2018-08-09 07:46:01 PM  

12349876: Nick Nostril: Not sure I would fly a plane that was "unfinished".

/ I demand at least 2 wings and 1 steering wheel thingy.

There's a hell of a lot to a plane in the fuselage behind the cockpit that's unnecessary to flying but absolutely necessary to carrying large numbers of passengers.


It's a short flight too, doesn't even need to be pressurized.
 
2018-08-09 07:46:48 PM  

Null Pointer: Read that as well and realized they did it to themselves.


No, you're taking the entire wrong thing away from the article.

In remarks at a Jefferies Industrials Conference, Smith said that late deliveries of fuselages from Spirit AeroSystems in Wichita, Kan., and jet engines from the U.S./France joint venture CFM International had already reduced the number of 737 deliveries last quarter and would do so again in the next three months.

The rest of the article talks about how Boeing has unfinished planes parked everywhere because of an engine shortage from CFM. And it mentions Spirit AeroSystems isn't delivering fuselages on time.

It's a nice distraction that Boeing employees (presumably union employees) are saying part of the backlog is those employee buyouts, but that doesn't appear to the main subject of the article. It's missing engines that results in unfinished planes parked everywhere.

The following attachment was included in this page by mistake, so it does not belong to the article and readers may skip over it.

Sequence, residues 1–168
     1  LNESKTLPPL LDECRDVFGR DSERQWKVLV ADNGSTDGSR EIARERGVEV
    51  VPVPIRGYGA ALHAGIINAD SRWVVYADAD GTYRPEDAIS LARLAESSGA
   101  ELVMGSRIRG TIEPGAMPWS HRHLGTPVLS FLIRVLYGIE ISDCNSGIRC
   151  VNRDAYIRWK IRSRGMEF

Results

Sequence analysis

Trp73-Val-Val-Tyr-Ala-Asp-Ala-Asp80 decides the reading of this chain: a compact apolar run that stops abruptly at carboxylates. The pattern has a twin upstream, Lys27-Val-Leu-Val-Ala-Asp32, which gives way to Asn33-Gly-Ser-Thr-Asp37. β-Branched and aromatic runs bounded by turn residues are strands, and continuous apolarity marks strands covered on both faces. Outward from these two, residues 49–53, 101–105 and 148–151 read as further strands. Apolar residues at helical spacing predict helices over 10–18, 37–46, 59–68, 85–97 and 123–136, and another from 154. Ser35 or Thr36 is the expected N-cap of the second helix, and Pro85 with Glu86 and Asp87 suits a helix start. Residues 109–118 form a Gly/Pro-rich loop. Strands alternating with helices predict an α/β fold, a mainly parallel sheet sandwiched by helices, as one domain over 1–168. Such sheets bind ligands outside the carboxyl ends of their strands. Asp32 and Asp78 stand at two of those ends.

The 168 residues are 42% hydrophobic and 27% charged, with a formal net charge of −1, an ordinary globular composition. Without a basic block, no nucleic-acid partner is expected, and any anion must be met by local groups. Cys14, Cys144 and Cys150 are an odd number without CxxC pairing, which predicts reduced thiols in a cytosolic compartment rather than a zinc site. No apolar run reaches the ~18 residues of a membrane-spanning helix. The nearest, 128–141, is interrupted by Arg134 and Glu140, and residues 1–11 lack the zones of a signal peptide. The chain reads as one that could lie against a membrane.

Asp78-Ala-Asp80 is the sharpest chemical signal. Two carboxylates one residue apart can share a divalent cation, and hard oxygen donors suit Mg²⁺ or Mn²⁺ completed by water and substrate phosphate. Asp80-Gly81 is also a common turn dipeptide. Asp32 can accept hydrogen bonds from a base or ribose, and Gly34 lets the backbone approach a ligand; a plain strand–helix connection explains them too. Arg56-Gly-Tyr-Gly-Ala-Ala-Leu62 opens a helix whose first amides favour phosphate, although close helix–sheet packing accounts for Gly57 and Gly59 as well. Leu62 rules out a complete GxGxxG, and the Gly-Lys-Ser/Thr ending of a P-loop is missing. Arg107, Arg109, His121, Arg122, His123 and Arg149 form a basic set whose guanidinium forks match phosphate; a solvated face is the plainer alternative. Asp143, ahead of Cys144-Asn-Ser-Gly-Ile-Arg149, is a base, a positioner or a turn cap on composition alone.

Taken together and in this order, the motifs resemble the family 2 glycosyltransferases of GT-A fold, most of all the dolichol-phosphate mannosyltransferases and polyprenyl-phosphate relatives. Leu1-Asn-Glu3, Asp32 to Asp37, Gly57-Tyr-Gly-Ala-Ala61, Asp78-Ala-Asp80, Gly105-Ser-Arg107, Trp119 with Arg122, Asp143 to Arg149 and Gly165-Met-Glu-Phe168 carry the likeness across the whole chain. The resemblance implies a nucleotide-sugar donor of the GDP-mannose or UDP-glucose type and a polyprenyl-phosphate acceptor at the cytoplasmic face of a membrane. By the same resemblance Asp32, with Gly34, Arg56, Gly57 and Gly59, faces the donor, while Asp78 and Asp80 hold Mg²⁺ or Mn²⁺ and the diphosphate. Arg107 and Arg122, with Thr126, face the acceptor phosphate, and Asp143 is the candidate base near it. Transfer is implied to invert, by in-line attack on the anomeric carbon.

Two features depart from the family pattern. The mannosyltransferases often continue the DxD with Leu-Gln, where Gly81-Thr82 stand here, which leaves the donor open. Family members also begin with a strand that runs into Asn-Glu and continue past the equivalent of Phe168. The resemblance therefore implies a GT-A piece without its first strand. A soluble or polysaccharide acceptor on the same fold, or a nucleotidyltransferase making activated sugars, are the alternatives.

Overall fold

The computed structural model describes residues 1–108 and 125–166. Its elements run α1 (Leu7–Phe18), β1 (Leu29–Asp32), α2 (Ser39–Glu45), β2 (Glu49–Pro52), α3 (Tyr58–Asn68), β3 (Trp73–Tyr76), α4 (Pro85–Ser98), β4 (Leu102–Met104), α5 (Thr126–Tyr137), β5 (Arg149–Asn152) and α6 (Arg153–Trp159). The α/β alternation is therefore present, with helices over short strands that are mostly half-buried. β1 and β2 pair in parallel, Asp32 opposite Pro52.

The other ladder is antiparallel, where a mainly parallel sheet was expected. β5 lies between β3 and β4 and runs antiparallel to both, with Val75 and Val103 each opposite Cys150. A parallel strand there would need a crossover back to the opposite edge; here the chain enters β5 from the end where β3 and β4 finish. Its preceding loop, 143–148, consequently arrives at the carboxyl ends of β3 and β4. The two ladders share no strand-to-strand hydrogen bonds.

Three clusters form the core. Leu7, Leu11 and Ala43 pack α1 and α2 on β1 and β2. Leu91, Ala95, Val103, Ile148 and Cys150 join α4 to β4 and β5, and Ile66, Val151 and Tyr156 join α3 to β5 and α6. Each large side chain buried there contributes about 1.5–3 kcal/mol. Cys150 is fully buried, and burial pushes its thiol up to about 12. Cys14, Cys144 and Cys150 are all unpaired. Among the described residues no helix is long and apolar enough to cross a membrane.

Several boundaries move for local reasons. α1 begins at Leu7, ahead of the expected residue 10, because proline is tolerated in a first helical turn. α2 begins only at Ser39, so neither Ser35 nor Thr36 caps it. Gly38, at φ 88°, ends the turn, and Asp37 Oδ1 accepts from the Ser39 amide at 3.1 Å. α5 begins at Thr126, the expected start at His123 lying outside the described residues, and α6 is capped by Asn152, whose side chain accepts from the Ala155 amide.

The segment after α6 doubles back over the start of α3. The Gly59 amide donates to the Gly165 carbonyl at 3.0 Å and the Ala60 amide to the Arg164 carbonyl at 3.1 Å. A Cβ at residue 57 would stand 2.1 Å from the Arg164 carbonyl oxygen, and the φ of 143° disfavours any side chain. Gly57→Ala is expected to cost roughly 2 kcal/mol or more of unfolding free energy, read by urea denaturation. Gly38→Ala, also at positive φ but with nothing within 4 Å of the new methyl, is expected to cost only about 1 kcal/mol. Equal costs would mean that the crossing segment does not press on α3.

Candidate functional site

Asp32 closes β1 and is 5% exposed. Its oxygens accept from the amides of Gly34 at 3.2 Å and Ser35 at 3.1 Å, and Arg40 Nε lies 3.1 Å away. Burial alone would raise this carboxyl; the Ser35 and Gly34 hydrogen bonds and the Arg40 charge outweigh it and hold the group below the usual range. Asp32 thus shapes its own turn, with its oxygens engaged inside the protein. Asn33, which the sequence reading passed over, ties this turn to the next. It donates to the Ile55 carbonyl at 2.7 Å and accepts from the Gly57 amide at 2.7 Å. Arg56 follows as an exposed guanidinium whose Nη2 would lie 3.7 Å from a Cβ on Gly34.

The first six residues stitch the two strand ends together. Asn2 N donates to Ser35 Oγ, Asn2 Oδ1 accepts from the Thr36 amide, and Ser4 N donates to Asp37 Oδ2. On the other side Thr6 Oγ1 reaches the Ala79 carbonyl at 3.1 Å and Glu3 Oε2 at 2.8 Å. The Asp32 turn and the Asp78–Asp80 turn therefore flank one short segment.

2018-08-09 07:58:19 PM  
There's a walking trail (Cedar River) that runs right through the middle of the Renton airport/737 plant.

Wife and I used to walk that all the time when we lived in the area. Saw lots of interesting stuff, including the 757s they built for the military that serve as Air Force 2.
 
2018-08-09 08:02:36 PM  
Geez, I retire from the company and things go to hell a few months later
 
2018-08-09 08:04:15 PM  
Well, Spirit Aero Systems used to be Boeing. They sold it to their private equity fund Onex. Gyess they got tired of paying those workers too.

"When Onex bought the parts operations in Kansas and Oklahoma in 2005, about 9,500 Boeing employees had to reapply for work at the new company.
The new owners argued that to make it as a company independent of Boeing, costs had to be reined in.
About 1,100 of the former workforce were cut loose and the International Union of Machinists (IAM) union had to agree to a 10 percent pay cut for its members."

Previous poster's point still stands. They did it to themselves.
 
2018-08-09 08:11:39 PM  

Nick Nostril: Not sure I would fly a plane that was "unfinished".

/ I demand at least 2 wings and 1 steering wheel thingy.